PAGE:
Netherlands to keep producing top players

09:20, July 28, 2011      

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Dutch specialists believed that the Netherlands will keep producing top soccer players in the foreseeable future, based on the country's efficient youth training system.

Just one year ago the Netherlands advanced to the FIFA World Cup final in South Africa. Wesley Sneijder, Arjen Robben and Robin van Persie are the names of the current stars of the national team. They are the successors of stars from the past football legends like Johan Cruijff, Marco van Basten, Ruud Gullit and Dennis Bergkamp.

Wim van Zwam has been working as coach for the Dutch football association KNVB for almost ten years. Currently he is coach of the Under 19 team, responsible for the development of the youth plan Netherlands and instructor of the UEFA Pro Course.

"We don't have any secrets, we just have a clear vision about how to develop football," he told Xinhua on Wednesday. "We have a vision on the game of football, the organization of youth leagues, on coach education, on player development and on team development. Very few countries have a real vision on football. That's why we are ahead of a lot of other countries."

"We are good because of the structure and because of the way we think as a country. We always stick to our plan in developing football. From the Under 15 team to the Under 21's. The aim of the game must always be winning, even for the Under 8 kids," Van Zwam explained.

"However, the coach must not do anything to win the game. He must focus on developing the children. The game itself is about winning, about scoring more goals than your opponent. But for youth football it is always about trying to score more goals and developing the individual player. Besides that, the individual player must learn to play in a team but the focus is on his or her development. That's the difference between youth football and professional football, between developing and results."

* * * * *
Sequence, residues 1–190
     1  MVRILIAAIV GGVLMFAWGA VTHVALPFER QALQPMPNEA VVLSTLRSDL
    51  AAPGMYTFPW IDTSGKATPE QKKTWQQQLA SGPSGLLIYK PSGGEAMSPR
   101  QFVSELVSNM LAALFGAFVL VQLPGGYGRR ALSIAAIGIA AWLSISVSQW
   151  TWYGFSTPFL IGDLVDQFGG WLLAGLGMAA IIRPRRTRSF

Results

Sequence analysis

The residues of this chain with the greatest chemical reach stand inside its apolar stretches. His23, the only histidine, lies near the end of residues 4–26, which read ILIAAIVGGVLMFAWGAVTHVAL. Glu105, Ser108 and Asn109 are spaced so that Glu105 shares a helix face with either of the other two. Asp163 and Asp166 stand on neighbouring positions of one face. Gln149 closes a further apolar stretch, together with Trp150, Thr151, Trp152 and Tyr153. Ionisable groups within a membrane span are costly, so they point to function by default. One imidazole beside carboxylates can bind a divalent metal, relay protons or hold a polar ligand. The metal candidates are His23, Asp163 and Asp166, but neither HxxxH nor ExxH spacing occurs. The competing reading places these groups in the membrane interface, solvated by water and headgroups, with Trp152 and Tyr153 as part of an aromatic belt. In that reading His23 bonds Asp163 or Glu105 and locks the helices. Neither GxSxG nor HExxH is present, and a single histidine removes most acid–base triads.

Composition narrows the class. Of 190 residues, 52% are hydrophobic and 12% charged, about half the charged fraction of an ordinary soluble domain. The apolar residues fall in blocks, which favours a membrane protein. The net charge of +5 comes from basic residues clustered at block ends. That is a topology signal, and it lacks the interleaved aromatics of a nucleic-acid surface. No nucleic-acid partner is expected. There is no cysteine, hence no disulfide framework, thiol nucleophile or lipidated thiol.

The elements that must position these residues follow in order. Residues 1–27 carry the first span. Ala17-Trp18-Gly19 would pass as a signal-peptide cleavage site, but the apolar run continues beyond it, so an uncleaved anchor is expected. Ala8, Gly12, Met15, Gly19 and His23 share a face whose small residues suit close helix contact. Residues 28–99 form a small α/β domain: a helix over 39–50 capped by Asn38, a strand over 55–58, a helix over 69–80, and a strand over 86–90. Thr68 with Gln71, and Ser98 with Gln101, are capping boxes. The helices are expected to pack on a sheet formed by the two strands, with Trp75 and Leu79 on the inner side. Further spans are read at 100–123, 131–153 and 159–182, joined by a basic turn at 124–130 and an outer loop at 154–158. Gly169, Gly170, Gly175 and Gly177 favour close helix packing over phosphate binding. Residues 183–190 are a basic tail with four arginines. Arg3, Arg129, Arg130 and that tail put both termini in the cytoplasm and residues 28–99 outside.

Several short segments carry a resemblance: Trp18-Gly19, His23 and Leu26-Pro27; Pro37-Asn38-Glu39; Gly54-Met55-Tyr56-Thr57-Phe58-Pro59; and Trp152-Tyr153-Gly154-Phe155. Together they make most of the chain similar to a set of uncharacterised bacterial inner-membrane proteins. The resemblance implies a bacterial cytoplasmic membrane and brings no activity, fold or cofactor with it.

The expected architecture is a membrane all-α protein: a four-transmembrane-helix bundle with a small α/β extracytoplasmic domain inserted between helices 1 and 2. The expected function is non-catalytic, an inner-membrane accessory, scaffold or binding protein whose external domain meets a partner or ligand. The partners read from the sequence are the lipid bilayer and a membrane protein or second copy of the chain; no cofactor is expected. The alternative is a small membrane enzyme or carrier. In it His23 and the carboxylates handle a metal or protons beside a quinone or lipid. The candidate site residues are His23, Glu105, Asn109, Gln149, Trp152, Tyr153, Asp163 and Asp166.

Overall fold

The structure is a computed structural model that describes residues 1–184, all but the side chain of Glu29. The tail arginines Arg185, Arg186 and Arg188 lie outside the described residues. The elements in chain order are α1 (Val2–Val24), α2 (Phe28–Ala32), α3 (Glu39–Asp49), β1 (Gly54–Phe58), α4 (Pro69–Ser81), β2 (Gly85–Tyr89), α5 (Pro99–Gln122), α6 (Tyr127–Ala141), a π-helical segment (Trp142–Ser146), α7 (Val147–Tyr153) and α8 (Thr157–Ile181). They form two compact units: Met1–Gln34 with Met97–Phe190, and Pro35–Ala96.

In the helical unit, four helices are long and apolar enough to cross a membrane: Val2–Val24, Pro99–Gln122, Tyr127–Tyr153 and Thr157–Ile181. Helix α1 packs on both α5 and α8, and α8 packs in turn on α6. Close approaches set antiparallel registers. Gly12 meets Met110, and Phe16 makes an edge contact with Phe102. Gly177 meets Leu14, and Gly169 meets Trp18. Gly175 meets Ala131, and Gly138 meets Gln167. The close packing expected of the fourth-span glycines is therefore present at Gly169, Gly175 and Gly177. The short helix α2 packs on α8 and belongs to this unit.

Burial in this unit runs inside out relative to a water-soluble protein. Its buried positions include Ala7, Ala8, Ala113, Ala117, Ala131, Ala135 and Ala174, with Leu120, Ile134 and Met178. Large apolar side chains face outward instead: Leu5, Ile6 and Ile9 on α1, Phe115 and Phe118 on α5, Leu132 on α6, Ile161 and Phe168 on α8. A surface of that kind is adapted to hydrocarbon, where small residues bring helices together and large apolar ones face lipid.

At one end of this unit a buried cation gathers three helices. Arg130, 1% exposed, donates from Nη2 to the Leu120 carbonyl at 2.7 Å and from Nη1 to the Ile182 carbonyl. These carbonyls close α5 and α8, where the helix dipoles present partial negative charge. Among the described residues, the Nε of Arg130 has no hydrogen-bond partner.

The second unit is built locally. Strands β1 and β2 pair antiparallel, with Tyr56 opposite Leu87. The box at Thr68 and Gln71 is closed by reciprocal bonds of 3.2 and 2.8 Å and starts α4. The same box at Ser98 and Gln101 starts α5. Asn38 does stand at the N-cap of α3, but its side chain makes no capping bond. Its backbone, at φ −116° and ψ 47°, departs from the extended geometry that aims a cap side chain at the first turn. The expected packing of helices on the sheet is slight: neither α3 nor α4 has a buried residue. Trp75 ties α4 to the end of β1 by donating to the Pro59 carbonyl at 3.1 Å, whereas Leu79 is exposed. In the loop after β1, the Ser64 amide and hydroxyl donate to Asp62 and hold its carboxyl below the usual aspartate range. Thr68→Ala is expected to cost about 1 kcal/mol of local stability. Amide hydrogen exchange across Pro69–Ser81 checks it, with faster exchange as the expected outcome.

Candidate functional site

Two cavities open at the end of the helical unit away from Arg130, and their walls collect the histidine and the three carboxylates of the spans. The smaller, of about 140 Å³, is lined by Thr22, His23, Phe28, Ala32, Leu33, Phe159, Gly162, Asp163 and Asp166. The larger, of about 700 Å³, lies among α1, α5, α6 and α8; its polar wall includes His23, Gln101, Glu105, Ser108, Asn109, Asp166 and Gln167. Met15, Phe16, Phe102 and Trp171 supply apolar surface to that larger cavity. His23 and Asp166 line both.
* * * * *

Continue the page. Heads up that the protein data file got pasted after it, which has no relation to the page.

"To realize that we determined team functions, like attacking, defending and transition, team tasks, like scoring and building up, and team organization," said Van Zwam. "With young people we always play in a 4-3-3 system and sometimes 3-4-3. We think that's the best way to play football, the best way to learn building up, this formation covers all the field."

Football is the number one sport in the Netherlands with 1.2 million people being a member of the Dutch association KNVB, of which 120,000 female players. The country has now 36 professional clubs, 2,800 amateur clubs and about 600,000 youth players.

The national office is based in Zeist and the country has six football districts, with KNVB coaches and offices in each district.

Until 2005 the Netherlands had 38 youth academies at the professional clubs, but since 2009 the regional top academies arose. Those academies can have their own vision on youth development, but are advised by the KNVB during regular meetings.

One of those top academies is the one of Ajax. In terms of producing world class players Ajax is famous for delivering stars like Johan Cruijff, Marco van Basten, Clarence Seedorf and Wesley Sneijder. At the Ajax youth academy the emphasis historically is on technique.

According to Cruijff the academy is not what it once was anymore. For example he was explaining about the lack of quality attacking players being produced recently.

With Cruijff starting to get influence again they now want to focus more on individual training and developing individual skills. The clubs is currently experiencing a transition period, with head of youth Jan Olde Riekerink left. Edmond Claus, assistant head of youth at Ajax, explained the changes.

"At the moment Cruijff is giving his knowledge to Dennis Bergkamp and Wim Jonk, who are redirecting the youth academy a little bit," Claus told Xinhua. "Next year there will be another organizational structure."

"Over the last three years we implemented individual training more and more," Claus said. "In the next period we will do it more and more intense. Every individual player gets the training he needs, so he develops the best on his specific position. That is what Cruijff wants and we already did that. In the Cruijff report is said, teams do not get promoted to the first team, individuals go to the first team. Cruijff, Bergkamp and Jonk believe we can even do it even better by giving more individual development. That could bring us to the next level. Hopefully we can finally win the Champions League again. It's hard, but if you believe in something maybe you make it possible. If you don't believe in it, you better stop."

The more individual approach opposed to the team approach might be a difference between the vision of the association and Ajax. The similarities between the two youth visions prevail.

"The coaches must always be busy with learning and children must always be buys with winning," Claus agreed with Van Zwam. "Kids must be busy with winning, the coaches must always be busy with learning."

Another similarity is the expectation they have on a youth player. "First of all we challenge them to think by themselves, to be pro active as a player," Claus said. "We encourage them to keep track of their improvement. They can write down things they have learned and develop awareness of their own development progress. Let them think about the game.